- Snow Damage – Some level of snow cover is good for plantings as it holds in moisture and heat. However, if you notice that the heavy snow is bending or damaging branches, then either remove the snow carefully or construct a small protective cover that allows the plant to be spared the brunt of the heavy snow.
- Protect young trees from sun-scald with bark or tree wrapping that can be removed as the spring nears.
Do you have questions about protecting your trees, bushes, or plantings this winter? Call Pro-Tech Lawn Care at (603) 382-9644 or Toll Free: (800) 313-4733, and visit our website.
There is no denying it – winter is on the way and there is nothing we can do to stop it. What can we do to prepare for the cold temperatures, whistling winds, and variety of precipitation that may come our way? For many of us these changes mean tuning up the snow blower, buying ice melt, and taking care of our lawn and garden for the last few weeks of fall. What steps do you take each fall to close up the property and clean up the yard? Here are some of our suggestions this fall for healthy lawn care.
- Aerate – After a spring, summer, and fall of high traffic all over your yard, the soil may have become compacted. Whether it is due to entertaining or playing, most turf could use a bit of loosening up to get the water, nutrients, and oxygen to the roots. Aeration can really help loosen the ground and get all that good stuff right down to the base of the roots.
- Fertilize – Find out what your grass needs through testing or talking to a lawn care specialist before you fertilize for the winter. By giving one last feeding, your grass will have a jump start in the spring and “weather” the winter better than without fertilizing.
- Keep Watering and Mowing – Until your lawn and garden goes dormant after the first hard frost at the beginning of November, keep watering all plantings, grass, bushes, shrubs, and trees. In addition, keep mowing ⅓ of the height of the grass until that time. A well-manicured lawn can help prevent weeds and pests from taking hold.
- Clean it Up – Remove all lawn and garden items such as garden gnomes, planters, and patio equipment. Rake the leaves and dispose of them properly. Make sure to get every corner so the rotting leaves do not smother the grass underneath.
Need help preparing your yard for the winter? Call Pro-Tech Lawn Care at (603) 382-9644 or Toll Free: (800) 313-4733, and visit our website.
Sometimes homeowners find it hard to get back into the swing-of-things when it comes to caring for their lawn each spring. After all, it has been a few months and all those things you thought you would do or, at least, remember to do with your lawn have gone by the wayside. Did you remember to drain the gas and oil out of the lawn mower? Did you plant bulbs last year or agree to wait? Hmmm. Well, while you adjust to your spring lawn care chores again, let us remind you about some of the more common mistakes homeowners make every year so you can avoid them yourself.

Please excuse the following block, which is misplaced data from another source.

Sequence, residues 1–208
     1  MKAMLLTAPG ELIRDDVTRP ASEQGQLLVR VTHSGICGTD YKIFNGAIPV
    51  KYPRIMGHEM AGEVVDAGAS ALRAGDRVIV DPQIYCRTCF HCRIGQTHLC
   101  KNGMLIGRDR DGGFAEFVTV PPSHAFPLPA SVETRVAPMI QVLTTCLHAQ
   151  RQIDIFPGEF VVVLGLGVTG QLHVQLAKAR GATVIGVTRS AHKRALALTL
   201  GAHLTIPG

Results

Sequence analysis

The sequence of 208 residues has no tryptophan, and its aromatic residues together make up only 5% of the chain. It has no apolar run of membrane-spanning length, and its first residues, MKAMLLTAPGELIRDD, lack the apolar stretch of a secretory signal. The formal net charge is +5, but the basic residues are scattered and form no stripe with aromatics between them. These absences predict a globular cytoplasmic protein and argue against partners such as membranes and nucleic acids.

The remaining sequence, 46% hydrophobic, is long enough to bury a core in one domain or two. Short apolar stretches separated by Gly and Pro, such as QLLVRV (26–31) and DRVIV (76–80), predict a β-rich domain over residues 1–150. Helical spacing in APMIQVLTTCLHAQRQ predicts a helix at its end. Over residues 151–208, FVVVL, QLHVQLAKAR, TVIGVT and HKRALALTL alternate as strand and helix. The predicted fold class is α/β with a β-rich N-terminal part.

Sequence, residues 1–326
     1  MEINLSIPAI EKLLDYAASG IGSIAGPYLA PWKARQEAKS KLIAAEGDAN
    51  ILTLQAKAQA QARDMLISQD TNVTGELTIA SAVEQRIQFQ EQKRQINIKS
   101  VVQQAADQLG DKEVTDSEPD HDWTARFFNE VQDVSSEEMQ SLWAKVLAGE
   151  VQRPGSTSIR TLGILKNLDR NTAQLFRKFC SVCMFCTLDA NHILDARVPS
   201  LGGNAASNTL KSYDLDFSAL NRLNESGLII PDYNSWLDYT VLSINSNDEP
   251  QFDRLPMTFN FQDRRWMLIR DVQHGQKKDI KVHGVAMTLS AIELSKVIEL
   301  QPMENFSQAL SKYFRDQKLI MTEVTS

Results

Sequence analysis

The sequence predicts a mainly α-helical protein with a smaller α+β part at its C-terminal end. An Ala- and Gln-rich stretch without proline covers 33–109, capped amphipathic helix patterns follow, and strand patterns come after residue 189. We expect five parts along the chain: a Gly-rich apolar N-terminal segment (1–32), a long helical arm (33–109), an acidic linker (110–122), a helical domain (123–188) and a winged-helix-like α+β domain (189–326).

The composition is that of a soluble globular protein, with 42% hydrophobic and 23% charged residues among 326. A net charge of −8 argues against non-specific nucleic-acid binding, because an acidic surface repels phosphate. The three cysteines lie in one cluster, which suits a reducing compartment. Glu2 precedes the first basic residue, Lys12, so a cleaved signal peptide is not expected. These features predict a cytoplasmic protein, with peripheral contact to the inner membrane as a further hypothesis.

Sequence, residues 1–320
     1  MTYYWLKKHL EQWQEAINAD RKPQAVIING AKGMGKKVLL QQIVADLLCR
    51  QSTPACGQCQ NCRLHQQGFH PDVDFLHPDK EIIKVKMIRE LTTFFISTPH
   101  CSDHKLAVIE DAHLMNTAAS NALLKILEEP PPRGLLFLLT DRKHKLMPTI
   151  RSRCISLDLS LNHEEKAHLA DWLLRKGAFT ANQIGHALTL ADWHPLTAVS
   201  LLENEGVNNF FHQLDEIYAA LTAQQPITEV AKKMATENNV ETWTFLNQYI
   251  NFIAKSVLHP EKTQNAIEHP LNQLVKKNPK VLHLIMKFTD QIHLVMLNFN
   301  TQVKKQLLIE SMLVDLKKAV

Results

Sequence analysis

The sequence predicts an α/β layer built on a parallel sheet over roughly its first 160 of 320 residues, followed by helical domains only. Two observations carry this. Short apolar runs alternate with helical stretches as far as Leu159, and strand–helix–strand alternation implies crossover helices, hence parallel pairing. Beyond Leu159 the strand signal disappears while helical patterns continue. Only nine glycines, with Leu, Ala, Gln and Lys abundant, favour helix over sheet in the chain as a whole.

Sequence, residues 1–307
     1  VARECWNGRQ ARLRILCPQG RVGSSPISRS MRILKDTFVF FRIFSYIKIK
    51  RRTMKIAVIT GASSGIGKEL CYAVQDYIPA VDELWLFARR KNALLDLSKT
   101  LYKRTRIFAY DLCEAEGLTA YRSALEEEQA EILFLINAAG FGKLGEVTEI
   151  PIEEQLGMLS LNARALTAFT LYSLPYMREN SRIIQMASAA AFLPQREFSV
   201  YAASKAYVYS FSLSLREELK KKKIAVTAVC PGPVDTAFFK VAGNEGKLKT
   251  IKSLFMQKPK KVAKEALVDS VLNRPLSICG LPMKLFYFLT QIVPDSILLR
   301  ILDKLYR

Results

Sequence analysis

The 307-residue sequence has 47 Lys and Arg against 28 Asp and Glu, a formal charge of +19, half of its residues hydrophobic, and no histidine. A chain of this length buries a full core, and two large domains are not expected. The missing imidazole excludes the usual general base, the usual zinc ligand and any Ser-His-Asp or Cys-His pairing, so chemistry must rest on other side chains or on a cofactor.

- Forgetting to Sharpen the Mower Blade – Yep, this is an easy one to forget about. The mower blade should be sharpened regularly and over the winter was a great time to do it while you don’t need the mower. If you still need to do this, now is as good a time as any.
- Failing to Test the Soil – Too many homeowners skip this step of finding out how acidic or alkaline your soil is. Without this, you really don’t have any idea about the needs of your lawn.
- Failing to Remove Items from the Grass – Lots of homeowners allow lawn ornaments, grills, and even cars to stay on the lawn over the winter months, thinking that they will not do any harm. Anything left on the grass can almost ensure that the grass underneath will be long dead and leave a large bare spot on your lawn. To fix this, you may need to reseed completely in this area.
- Bagging the Lawn Clippings – Research has shown that, while it doesn’t look as clean and tidy and lawns that have every cut blade removed, the results can be astounding. By leaving clippings in the grass after mowing you are adding much needed nitrogen and organic matter to the grass.
- Over/Under Watering – This mistake is fairly common. Do you see dry dead patches on your lawn or possibly the opposite – puddling? These two conditions are an indicator that you are either watering too little or too much, respectively. Water several times a week deeply. Check with a screwdriver to see how easily the tool sides in to the grass or if it is met with resistance, thus indicating dry ground.
Do you need help avoiding lawn care mistakes? Call Pro-Tech Lawn Care at (603) 382-9644 or Toll Free: (800) 313-4733, or visit our website.
Welcome to spring! Are you ready to hit the ground running in regard to caring for your lawn and garden? If the answer is yes, then you may be wondering where to start. Should you start aerating, fertilizing, or treating for pests? The answer may be different for each homeowner, but there are some commonalities in what should be done. Here is a quick guide of where to start when it comes to spring lawn care.
- Clean Up – Start your spring lawn care with a comprehensive clean up of your yard. That means all leaves, debris, and yard items should be removed from the grassy areas. If you see accumulations of rock salt along hardscapes, clean those up as well. If any dead plantings are in the garden still, remove those as well.